A recent article announces San Francisco Mayor Edwin M. Lee’s introduction of legislation that would update the city’s Municipal Green Building Code to require adherence to LEED Gold certification standards for all municipal construction and major renovation projects over 5,000 square feet after September 1. Currently, only LEED Silver certification is required for municipal buildings, while LEED Gold is required for private sector buildings, beginning in 2012. Lee’s legislation updates green building standards for city building projects, further reinforcing San Francisco’s position as a national leader in green building practices, according to the article.
Now that we have developed high standards for new construction and existing commercial buildings, it is time to turn our attention to municipal building practices,” said Mayor Lee, in the article. “This legislation will make City departments pursue LEED Gold certification ahead of the schedule currently required for the private sector. San Francisco once again is leading by example.”
San Francisco already has the tightest standards for new commercial and residential construction in the country, requiring adherence to LEED standards for new public and private building projects, as well as requiring existing commercial buildings to benchmark energy use and conduct regular energy audits.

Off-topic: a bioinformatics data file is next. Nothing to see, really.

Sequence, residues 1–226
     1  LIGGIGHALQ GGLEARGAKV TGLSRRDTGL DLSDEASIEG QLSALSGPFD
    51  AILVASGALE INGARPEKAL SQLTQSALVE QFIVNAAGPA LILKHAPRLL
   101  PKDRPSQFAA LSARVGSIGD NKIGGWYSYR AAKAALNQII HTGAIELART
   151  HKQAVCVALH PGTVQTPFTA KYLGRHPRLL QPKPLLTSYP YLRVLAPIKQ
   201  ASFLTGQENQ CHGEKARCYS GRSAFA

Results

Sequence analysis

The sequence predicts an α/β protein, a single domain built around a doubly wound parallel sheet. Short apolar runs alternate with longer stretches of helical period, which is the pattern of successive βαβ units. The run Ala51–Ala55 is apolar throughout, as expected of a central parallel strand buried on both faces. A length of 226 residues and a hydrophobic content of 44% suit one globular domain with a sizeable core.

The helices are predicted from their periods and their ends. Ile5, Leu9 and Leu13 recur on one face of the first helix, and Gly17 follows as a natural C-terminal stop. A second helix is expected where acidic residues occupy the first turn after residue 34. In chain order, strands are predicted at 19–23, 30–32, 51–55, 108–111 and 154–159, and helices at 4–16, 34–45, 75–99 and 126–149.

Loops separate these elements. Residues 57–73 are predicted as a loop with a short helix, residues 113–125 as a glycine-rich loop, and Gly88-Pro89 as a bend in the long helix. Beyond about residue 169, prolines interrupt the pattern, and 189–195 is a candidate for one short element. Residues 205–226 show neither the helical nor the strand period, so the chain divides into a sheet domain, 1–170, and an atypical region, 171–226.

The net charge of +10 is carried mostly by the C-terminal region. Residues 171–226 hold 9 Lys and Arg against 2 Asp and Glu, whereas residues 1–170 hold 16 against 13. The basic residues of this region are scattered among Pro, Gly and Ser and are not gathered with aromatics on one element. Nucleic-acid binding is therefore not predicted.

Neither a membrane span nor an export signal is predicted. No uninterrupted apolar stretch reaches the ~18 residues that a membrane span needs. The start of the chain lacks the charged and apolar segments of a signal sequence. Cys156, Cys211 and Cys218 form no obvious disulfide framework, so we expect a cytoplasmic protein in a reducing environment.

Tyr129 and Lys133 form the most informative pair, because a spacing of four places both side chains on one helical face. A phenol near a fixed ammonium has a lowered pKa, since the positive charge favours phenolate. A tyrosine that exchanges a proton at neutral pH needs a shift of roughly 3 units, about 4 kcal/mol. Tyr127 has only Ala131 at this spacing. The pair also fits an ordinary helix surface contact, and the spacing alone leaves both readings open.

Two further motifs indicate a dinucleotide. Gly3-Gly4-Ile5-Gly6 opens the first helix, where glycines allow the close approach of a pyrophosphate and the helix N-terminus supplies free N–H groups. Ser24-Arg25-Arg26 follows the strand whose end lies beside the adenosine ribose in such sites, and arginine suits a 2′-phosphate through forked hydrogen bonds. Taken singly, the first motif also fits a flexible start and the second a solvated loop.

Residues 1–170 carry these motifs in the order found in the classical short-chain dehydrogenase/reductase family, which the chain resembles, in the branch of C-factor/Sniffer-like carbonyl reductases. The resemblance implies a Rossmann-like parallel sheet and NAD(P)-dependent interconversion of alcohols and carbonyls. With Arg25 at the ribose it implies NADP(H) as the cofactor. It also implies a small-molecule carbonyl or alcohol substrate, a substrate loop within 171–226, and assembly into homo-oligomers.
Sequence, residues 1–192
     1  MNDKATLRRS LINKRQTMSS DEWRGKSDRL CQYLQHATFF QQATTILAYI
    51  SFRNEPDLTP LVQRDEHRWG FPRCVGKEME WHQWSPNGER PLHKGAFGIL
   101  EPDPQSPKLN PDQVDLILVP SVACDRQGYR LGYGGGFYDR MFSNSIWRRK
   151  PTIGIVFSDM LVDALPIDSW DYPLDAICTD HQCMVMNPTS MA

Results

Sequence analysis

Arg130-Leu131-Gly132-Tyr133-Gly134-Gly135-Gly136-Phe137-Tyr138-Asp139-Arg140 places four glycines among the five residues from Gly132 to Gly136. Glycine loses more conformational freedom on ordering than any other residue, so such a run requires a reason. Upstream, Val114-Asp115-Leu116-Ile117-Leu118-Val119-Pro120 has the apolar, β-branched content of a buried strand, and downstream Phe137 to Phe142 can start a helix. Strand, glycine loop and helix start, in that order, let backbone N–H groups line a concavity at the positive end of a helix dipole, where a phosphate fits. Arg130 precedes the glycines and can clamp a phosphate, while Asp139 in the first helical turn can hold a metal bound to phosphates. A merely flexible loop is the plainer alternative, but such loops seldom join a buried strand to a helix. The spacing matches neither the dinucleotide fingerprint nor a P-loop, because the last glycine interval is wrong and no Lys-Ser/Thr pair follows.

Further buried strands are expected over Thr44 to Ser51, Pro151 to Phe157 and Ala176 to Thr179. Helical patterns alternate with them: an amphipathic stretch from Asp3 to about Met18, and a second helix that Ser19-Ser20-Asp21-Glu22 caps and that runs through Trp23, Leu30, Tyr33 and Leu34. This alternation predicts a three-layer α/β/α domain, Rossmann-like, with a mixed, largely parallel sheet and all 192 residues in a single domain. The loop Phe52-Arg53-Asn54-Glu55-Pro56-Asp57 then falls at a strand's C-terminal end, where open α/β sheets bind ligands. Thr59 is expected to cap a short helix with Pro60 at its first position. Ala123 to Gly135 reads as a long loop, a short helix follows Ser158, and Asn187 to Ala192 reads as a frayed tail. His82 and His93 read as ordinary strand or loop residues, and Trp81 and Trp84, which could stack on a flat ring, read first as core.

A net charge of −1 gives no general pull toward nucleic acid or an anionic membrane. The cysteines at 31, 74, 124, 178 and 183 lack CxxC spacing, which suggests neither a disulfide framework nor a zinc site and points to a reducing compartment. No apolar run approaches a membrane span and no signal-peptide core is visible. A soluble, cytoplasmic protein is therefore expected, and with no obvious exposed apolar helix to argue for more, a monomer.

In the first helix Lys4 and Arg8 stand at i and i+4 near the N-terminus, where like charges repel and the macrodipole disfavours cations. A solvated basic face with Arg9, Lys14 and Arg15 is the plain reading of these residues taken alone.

The LEED Gold requirement for municipal projects puts San Francisco in an elite club of only nine other municipalities in the country with similarly high standards for new construction. In addition, San Fracisco is one of only three cities in the country that require LEED Gold certification for major renovations, and the only jurisdiction that places LEED requirements on city households.
Other provisions of Lee’s ordinance include date-certain retrofit requirements for energy-efficient lighting and high-efficiency toilets, urinals, and showerheads in city facilities. New and renovated city buildings will reduce energy use by at least 15 percent, and reduce water use by at least 30 percent, compared to conventional buildings.
The city of San Francisco currently has 52 municipal projects seeking LEED certification, including three museums, two hospitals, 10 branch libraries, five recreation centers, a new office building, and an airport terminal, totaling nearly six million square feet, at a value of over $3 billion, according to the article.
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